FOM: What is the standard model for PA?

Vladimir Sazonov sazonov at
Wed Mar 25 10:40:28 EST 1998

Torkel Franzen wrote:

>   I doubt that any canonical formalization of the notion of feasible
> number will emerge, but this remains to be seen.

It is too early to hope on "canonical". I said only on some reasonable, 
let even oversimplified, but mathematically rigorous formalization.


> (That we learn to speak of
> the totality of natural numbers by using feasible numbers does not
> imply that the concept of feasible number is involved in the concept
> of natural number.)

I would say that it *is* involved, but as hidden or "sleeping" 
concept.  Somebody ignore it, others try at least to guess its 
meaning and possible impact.

>    >Let me formulate this question more definitely.  Do you see now
>    >indeterminateness of the powerset of {1,2,...,1000} or,
>    >alternatively, of the set 2^1000={0,1}^1000 of all finite
>    >binary strings of the length 1000?
>   This is perfectly determinate, from the point of view of
> ordinary mathematics (i.e. when one is speaking of the natural numbers
> in the ordinary sense). However, as soon as one introduces the notion
> of feasibility, indeterminacy inevitably appears. So I would say
> that the powerset of {1,2,...,1000} is determinate, but "the
> feasible powerset of {1,2,...1000}" is indeterminate.

In the light of discussion on feasible numbers (and also in a
general context) I have a question to everybody.

What makes the powerset 2^N of natural numbers (i.e. the set of 
infinite binary strings) to be indeterminate *in contrast to* 
the powerset 2^1000={0,1}^1000 of {1,2,...1000} which should be 
determinate (according to the traditional view and *contrary* to 
my intuition)?  What is the crucial difference? Is this 
difference based on *infinity* of N and in *finity* of 
{1,2,...1000}? Note, that 2^1000 (as well as 2^N) behaves now 
*as an infinity* from the point of view of feasibility. I 
believe that comparison would be interesting.


>   >I agree that these questions are indeed difficult. Actually, I
>   >had intention to say by the words "goes *in terms*" and "via"
>   >that formal rules and informal understanding cannot be separated
>   >one from another and their roles are at least equal. I.e., NOT
>   >"first informal understanding of a concept, and only then
>   >creation and justification of related rules".
>   The plausibility of this view would depend on what you count as a
> "formal rule".

[Sorry, now I probably will repeat what I wrote previously. ]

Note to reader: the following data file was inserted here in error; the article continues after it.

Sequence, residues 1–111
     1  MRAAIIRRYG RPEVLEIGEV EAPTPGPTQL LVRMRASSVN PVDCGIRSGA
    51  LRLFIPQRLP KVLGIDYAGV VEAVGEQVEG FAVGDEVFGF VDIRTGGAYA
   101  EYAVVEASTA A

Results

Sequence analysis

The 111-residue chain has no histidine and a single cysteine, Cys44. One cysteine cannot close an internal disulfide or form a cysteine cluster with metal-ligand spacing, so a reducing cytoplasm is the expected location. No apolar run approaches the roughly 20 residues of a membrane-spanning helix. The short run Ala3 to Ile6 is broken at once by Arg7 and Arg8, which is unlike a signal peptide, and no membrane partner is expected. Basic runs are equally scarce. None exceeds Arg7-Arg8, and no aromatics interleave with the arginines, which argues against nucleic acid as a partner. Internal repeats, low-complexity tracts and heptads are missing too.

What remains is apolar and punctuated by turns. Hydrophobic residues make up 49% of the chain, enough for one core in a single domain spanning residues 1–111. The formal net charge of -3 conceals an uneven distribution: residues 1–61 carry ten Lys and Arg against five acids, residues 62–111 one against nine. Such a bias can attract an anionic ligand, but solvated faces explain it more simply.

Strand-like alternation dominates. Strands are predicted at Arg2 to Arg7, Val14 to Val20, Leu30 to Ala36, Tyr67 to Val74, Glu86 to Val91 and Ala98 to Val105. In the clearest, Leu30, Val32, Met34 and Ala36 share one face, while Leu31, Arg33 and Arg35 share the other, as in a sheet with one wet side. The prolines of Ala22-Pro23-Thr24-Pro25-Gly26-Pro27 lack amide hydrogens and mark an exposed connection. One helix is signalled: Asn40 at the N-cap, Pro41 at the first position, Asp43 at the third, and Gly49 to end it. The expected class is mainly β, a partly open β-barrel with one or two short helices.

These are, say, modus ponens, (and in a 
sense even the whole Natural Deduction calculus for the 
first-order logic which was just *extracted* by Gentzen from the 
real mathematical practice; therefore the name "Natural") and 
the rule allowing iteration of any given arithmetical operation 
as a total computable operation (a naive version of primitive 
recursive schema).  The iteration rule is implicit in our 
standard understanding of natural numbers. Changing (or rejection) 
of some of these rules may result in a different notion of natural 
numbers with different understanding and intuition.

> The vast majority of those who are familiar with the
> natural numbers and with elementary arithmetic know nothing of PA or
> proofs by induction or first order logic.

Ask anybody of them (in an informal manner, of course) whether 
the *equivalent* minimum principle holds for natural numbers:

        \exists x A(x) --> \exists x(A(x) & \forall y < x.~A(y)).

Something, like: "let us color natural numbers; then we can 
always find, step by step, the first one with the given color".  
They know it because the teacher *gave* them (even several 
times for sure) the idea by saying something on discrete 
character of the ordering of natural numbers or the like.  This 
was *done* by the teacher.  Have you any doubts? It is 
unnecessary to present proofs by induction in the full 
traditional form.  Good teachers are able to *give* it so to 
speak "with milk of mother", by some intuitively clear examples 
of informal (or semiformal) proofs even with no explicit 
mentioning any "base of induction" and "induction step".  Many 
things are happened subconscious. But this subconscious 
character of getting and using knowledge on rules and axioms 
does not mean that this is just a *pure*, *non-verbal*, 
*rule-free* knowledge of the concept of natural numbers.  It 
seems I am repeating again.  Anyway, the main axioms are 
actually *given* by the teacher.  *Subconsciously*, almost all 
peoples (say, who count money) have sufficient supply of these 
axioms, rules and several examples of correct proofs.  Those 
*who are able* and know these rules more consciously will use 
them to prove arithmetical theorems. 

Vladimir Sazonov
Program Systems Institute,      | Tel. +7-08535-98945 (Inst.),
Russian Acad. of Sci.           | Fax. +7-08535-20566
Pereslavl-Zalessky,             | e-mail: sazonov at
152140, RUSSIA                  |

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